While this aspect sounds like a flaw, it can also work in your favor when you're in a bind. If you're stuck on a certain puzzle and it's driving you insane, trial and error can rescue your project from the boredom that results of being unable to advance. All you have to do is tinker with the right stimulus or use the correct item and you're on your way.
Unfortunately, puzzles are not the only victims of trial and error. There are numerous scenes where you can easily screw the pooch and not realize it. Take a laboratory about halfway through the game as an example. There are a couple ambiguous perils there, such as a small cage holding a mutant puppy that instantly kills you. There's also a mysterious vial you can drink that, big surprise, instantly kills you. This seems to be the case with a lot of stimuli in the game, as you'll encounter plenty of doors and portals that instantly kill you in various interesting ways, ranging from being sucked into a void to becoming an enormous white demon's midnight snack. You have no way of knowing where perils lurk, as there's no warning or hint telling you that certain doors or stimuli are dangerous. In order to find out what's dangerous and what isn't, you have to experiment and die a few times.
[cue metal song]
Not that dying is uncommon. One rather impressive and somewhat troubling aspect of Shadowgate is that the developers actually took the time to program tons of death descriptions, some of which involve committing suicide. While being torn to bits by a mutant puppy is unpleasant, it may not be as horrible to some as voluntarily shoving a sword into your chest, crushing yourself with a hammer, setting yourself on fire, or lapping up acid that eats through your throat. It's practically a side quest in itself finding different ways to end your life just so you can read the morbid texts that accompany them.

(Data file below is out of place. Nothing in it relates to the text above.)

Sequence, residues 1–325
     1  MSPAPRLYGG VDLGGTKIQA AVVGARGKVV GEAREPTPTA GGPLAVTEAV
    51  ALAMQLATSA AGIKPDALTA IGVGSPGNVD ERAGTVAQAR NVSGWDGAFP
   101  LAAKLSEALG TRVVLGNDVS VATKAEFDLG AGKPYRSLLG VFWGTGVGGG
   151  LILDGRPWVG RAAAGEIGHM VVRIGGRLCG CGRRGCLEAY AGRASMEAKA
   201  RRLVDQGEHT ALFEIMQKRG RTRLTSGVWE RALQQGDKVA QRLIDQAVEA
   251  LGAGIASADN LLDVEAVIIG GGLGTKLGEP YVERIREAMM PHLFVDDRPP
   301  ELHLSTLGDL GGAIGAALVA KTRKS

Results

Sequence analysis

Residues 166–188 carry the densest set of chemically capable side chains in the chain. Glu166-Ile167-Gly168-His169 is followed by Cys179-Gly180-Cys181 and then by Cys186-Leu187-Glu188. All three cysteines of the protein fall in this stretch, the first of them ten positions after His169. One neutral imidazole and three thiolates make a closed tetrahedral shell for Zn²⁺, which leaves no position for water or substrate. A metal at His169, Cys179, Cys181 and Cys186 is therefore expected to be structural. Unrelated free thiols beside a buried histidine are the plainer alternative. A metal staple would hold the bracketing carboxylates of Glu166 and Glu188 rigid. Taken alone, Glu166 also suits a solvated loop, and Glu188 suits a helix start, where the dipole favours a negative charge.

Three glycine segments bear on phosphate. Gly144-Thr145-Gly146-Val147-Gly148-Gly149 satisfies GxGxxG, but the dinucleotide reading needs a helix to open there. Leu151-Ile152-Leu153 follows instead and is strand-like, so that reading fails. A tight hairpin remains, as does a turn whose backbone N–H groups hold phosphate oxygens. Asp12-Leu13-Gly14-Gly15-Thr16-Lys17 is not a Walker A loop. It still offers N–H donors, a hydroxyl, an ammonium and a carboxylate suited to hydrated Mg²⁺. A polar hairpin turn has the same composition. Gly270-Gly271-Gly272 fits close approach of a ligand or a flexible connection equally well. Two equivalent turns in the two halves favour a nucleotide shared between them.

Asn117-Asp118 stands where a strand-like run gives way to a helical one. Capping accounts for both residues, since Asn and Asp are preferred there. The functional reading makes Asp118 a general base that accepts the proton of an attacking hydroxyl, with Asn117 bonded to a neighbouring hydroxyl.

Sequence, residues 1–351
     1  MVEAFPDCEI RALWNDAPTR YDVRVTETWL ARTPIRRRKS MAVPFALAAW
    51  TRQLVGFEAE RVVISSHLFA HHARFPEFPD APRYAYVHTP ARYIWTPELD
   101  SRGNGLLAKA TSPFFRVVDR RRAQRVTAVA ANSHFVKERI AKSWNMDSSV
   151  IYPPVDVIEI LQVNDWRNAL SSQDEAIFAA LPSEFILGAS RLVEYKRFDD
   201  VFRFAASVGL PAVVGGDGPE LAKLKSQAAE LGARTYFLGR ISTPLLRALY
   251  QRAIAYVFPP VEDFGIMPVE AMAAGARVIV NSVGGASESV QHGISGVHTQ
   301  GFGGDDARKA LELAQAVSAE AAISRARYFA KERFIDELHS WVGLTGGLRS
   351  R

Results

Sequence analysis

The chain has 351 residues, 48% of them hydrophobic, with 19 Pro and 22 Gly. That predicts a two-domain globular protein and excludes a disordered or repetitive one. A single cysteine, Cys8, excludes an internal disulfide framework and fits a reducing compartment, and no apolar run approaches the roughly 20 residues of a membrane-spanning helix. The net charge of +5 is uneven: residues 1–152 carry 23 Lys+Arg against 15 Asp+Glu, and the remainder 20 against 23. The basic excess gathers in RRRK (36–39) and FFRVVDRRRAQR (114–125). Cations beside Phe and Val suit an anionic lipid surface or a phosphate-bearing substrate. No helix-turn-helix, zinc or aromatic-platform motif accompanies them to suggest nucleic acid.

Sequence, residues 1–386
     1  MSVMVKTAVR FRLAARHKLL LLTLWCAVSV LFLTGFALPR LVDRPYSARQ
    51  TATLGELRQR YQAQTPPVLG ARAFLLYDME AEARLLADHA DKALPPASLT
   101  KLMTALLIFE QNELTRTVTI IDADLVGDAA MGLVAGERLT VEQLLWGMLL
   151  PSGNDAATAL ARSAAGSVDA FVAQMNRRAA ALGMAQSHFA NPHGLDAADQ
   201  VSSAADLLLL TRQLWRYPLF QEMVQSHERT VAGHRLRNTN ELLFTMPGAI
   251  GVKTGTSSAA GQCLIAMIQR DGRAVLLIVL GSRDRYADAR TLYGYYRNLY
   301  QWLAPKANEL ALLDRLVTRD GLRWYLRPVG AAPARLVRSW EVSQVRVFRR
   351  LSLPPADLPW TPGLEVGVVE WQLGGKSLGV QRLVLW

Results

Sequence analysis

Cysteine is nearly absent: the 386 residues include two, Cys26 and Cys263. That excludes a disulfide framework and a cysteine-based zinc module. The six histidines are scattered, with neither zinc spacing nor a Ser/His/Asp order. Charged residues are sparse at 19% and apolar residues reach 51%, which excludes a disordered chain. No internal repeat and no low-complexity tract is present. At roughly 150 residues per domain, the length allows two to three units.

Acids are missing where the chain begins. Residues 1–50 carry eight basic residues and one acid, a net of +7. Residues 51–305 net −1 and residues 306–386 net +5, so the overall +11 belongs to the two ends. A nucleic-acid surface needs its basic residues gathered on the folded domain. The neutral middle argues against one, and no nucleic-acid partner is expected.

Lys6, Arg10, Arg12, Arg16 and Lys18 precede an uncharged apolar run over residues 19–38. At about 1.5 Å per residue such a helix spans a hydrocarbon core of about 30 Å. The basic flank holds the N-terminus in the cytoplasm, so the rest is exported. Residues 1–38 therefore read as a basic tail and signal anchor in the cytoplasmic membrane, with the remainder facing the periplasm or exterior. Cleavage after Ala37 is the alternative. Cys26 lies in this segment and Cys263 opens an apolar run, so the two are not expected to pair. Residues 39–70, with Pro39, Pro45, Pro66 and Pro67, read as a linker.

This might cause you to wonder why the developers didn't put the level of attention into Shadowgate's puzzles that they put into the many multiple ways to die. I like to think it's because the game wasn't meant to be a major piece of interactive fiction like some graphic adventures, but was intended to be more of a light quest that teaches a valuable lesson. I see Shadowgate as a morbid reminder of how fragile and fleeting life can be, not to mention easily manipulated in our favor at times--a modern day "memento mori," if you will. It tells us that sometimes small mistakes can end our lives and lucky guesses can improve our situations. Brute force and intelligence don't always equate victory; especially not in the world we live in, where bullets can fell heroes and dementia can seemingly erase our minds. Chaos reigns, and sometimes it likes to remind us that.
Despite that little pearl of wisdom, Shadowgate still isn't an excellent title. It's a decent rainy day project for anyone who appreciates simple old school adventures, especially those that call to mind just how easily life can break you.
About the Author: Joe Shaffer
Joseph Shaffer is a working man by day, freelance games writer by night. He resides in the Inland Northwest with his wife, and spends most of his free time watching bad movies and playing video games (and eventually writing about them).Bio